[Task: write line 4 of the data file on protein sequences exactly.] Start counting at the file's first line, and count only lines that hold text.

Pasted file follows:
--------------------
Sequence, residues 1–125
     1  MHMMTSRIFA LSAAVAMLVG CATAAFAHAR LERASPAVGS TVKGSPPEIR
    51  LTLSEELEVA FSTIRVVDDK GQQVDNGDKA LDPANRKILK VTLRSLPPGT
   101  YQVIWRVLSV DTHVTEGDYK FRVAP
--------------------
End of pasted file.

   101  YQVIWRVLSV DTHVTEGDYK FRVAP